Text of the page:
* Choice of single band, 80, 40, 30, 20 or 17m
* Approximately 3..5W CW output (depending on supply voltage)
* 12..15V supply voltage
* Class E power amplifier, transistors run cool… even with no heatsinks
* Good 7-element Low Pass Filter to ensure regulatory compliance
* CW envelope shaping to remove key clicks
* High performance receiver with at 50+ dB of unwanted sideband cancellation
* 200Hz CW filter without ringing
* Si5351A Synthesized VFO with rotary encoder tuning
* 16 x 2 blue backlight LCD screen
* Iambic keyer or straight key option included in the firmware
* Simple Digital Signal Processing for a CW decoder, displayed real-time on-screen
* On-screen S-meter
* Full or semi QSK operation using fast solid-state transmit/receive switching
* Frequency presets, VFO A/B Split operation, RIT, configurable CW Offset
* Configurable sidetone frequency and volume
* Connectors: Power, 3.5mm keyer jack, 3.5mm stereo earphone jack, BNC RF output
* Onboard microswitch can be used as a simple straight Morse key
* Built-in test signal generator and alignment tools to complete simple set-up adjustments
* Built-in test equipment: voltmeter, RF power meter, frequency counter, signal generator
* Beacon mode, supporting automatic CW or WSPR operation
* GPS interface for reference frequency calibration and time-keeping (for WSPR beacon)


All for $49 - and available for later this month.  This looks like a great project for the budding, incoming young Ham.  Keep this one in the back of your minds, Elmers!  Lots of opportunities to teach soldering and kit building skills, CW, and operating techniques among other things. The actual Webpage is found at http://qrp-labs.com/qcx.html

While I was there, perusing around, I purchased his passband filters for 80, 40, 20 and 15 Meters. Those will be used next Field Day in conjunction with the coaxial stub filters for even more isolation between our stations. Lots of good stuff available at QRP Labs!

72 de Larry W2LJ
QRP - When you care to send the very least!

Monday, July 31, 2017

Caveat Emptor!

I saw this sobering e-mail today from Doug Hendricks, KI6DS on QRP-L.  Since that is a public forum, and Doug is addressing the QRP Community at large, I am going to re-post it here.  It's a long post; but worth reading to the end. I will add some comments of my own at the end.

[QRP-L] Caveat Emptor, or my experience with buying a Chinese Rig

Last May, I decided to buy a modern, up to date transceiver with all the bells and whistles.  I wanted something that I could take out in the field and it would have all of the operating aids available today.  I looked at the KX3 and the KX2.  Wow, nice radios, but oh my, the price.  I can afford the radio, but can I justify spending over $1000 for a radio?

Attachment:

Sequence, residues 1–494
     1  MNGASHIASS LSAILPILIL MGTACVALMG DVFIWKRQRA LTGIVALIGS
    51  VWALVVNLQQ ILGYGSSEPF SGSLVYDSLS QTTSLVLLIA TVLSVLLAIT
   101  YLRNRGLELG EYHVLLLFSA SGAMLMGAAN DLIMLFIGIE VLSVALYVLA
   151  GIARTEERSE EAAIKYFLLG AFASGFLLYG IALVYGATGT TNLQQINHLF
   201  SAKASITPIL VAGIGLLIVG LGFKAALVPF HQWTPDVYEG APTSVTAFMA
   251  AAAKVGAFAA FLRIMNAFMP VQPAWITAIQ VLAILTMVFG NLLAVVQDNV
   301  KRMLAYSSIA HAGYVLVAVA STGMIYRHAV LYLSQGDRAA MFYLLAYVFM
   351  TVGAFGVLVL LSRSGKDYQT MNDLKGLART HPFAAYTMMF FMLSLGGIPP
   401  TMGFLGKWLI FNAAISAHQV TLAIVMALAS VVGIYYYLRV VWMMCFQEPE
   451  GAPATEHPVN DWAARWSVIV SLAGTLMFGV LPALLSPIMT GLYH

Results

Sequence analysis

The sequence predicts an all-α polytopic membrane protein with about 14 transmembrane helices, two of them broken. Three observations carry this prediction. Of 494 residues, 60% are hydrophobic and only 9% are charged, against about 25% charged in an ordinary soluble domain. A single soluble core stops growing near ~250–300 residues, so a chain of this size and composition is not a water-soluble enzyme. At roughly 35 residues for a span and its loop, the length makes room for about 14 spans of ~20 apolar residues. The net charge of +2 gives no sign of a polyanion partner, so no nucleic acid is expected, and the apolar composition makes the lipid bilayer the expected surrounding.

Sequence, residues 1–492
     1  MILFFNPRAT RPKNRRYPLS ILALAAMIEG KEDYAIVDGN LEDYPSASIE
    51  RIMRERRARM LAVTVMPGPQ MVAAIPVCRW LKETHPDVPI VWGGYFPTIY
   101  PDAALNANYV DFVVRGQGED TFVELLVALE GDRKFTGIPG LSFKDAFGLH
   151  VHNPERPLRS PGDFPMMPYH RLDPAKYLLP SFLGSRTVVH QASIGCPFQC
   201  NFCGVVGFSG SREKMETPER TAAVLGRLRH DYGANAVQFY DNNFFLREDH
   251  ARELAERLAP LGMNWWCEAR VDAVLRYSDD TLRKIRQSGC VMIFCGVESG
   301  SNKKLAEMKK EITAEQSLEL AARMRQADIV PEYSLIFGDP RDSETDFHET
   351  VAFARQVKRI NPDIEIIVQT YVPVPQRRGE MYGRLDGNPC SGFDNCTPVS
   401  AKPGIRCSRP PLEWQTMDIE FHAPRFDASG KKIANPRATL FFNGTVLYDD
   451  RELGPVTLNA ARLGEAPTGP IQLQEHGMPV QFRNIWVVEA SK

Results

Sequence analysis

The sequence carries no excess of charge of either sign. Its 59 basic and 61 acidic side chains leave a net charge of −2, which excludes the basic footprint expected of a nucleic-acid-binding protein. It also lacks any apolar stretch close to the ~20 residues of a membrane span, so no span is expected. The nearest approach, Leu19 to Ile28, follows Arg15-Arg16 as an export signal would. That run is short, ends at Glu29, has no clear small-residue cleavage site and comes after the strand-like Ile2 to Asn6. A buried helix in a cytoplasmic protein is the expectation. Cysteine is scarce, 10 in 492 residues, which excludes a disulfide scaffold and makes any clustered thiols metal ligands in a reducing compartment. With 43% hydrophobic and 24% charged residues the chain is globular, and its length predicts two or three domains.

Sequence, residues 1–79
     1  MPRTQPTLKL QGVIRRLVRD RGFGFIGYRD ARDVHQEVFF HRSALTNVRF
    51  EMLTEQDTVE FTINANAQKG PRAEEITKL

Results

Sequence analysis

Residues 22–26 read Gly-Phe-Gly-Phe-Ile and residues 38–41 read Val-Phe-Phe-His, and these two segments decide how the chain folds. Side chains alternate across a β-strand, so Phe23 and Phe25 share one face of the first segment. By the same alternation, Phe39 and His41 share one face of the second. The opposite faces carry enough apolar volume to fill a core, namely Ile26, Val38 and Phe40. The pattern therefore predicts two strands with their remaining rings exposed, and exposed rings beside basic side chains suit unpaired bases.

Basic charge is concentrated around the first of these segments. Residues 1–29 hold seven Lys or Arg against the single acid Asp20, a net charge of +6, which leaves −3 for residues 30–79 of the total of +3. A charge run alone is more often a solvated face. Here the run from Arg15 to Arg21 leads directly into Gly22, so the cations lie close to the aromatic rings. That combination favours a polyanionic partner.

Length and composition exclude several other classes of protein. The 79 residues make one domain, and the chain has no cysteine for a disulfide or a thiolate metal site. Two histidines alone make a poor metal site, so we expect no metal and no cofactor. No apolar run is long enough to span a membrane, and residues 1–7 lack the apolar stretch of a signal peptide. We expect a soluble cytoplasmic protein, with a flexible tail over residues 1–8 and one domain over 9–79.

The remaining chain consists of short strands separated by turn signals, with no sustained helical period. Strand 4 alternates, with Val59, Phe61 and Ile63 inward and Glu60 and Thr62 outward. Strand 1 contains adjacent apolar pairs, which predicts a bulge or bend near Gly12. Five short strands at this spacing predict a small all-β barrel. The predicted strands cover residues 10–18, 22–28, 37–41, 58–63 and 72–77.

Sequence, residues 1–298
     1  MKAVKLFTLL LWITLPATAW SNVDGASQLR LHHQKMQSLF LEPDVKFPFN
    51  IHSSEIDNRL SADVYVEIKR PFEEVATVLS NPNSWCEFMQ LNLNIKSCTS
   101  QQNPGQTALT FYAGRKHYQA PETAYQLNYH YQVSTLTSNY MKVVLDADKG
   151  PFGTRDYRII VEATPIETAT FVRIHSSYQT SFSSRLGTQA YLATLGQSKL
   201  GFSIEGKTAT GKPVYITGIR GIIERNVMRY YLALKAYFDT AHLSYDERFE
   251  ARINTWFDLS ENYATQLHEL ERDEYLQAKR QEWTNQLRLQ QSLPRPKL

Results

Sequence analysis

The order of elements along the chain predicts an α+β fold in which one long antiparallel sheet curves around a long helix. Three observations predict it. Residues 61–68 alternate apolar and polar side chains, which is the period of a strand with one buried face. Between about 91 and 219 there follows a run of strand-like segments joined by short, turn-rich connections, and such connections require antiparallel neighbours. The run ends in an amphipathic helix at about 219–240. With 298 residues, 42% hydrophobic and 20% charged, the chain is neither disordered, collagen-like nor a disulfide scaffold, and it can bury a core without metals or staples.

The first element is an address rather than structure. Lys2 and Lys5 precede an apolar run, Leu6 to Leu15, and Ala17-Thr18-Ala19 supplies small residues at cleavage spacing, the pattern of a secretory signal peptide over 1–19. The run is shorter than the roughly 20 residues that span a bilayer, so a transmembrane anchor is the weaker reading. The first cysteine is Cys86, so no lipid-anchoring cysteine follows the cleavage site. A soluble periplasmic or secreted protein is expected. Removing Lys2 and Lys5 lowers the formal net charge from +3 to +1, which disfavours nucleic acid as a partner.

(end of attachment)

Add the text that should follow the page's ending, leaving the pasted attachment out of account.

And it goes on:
So, I decided to do some research.  I found a neat radio on the web.  It was the McHF from England.  It is a kit, and it has a lot of smt parts. Then, while doing more research, I found a Chinese Radio called the RS918ssb.  It is a commercial product made from the information provided by the McHF group, which is open source.  There is nothing that is illegal about the Chinese taking the information from an open source project and making a commercial product, as long as they follow the open source guideline.  The interesting thing was the price: $380 delivered.  Wow $380 for an all band ssb/cw/data transceiver?? that puts out 15 Watts and has a built in touch screen with pan adapter.   I thought about it for a week, went back and looked at the KX2 and the KX3.  Contacted the company in China and asked a couple of questions, which they promptly answered.  Larry was my contact person.

After spending a week mulling it over in my mind, I decided to take the plunge.  But I used Paypal with my credit card to pay for it.  I wanted to have some backup if the deal went south, and Paypal and Visa both have policies to protect the buyer.  Feeling that I had adequate protection I placed the order.  Larry said it would ship later that week and he would let me know when it shipped.  When I didn't hear anything for a week, I emailed him.  He said, oh so sorry, we had a production problem waiting on parts, but no worries now, parts are here.  Radio will ship next week.  10 days later the radio finally shipped, after another round of emails and my threatening to cancel the order (in hind sight, that would have been a smart move).

The radio arrived, and boy did it look good.  Nice case, small, and all of those features.  Just what I wanted.  Hey, I got this for $380, it has a pan adapter built in, and I saved a ton of money by not buying a KX2 or KX3.

Well, let's move ahead a week.  I play with the radio on receive, go over to a friend's house to try it on his antenna for the first qso.  We hook it up on SSB, and it sounds great.  No problems.  I take it home, put up my antenna at my new shack, (off center fed windom), and decide to make a cw qso.  Plug in the paddles, make sure the swr is 1-1, and start calling CQ. No answer.  I call for 10 minutes.  Nothing.  Oh well, band is very quiet. I'll try tomorrow.

The next day, I go out, decide to check in to the 9AM net on ssb.  When I key the mike, the touch screen goes blank.  What?  I try to adjust the radio, nothing.  I call Steve "Snort Resin" Smith.  He suggests to check the current draw.  I key the radio on 1/2 Watt power out.  Screen goes blank, 525 mA of current draw.  Then I change the power out to 15 Watts. Still screen goes blank and 525 mA of current draw.  Uh oh.  Problems in River City.  My radio has a problem.   I email Larry and tell him what is going on.  It takes him 3 days to answer.  He says I will check with engineers and get back to you.  2 more days, finally he answers one of several emails to him.  He says to make sure power supply is adequate.  I tell him it is 25 Amp supply, and it is adequate.  No problems with power supply.  Larry says I will check with engineers.  3 days later, no answer. I am not happy.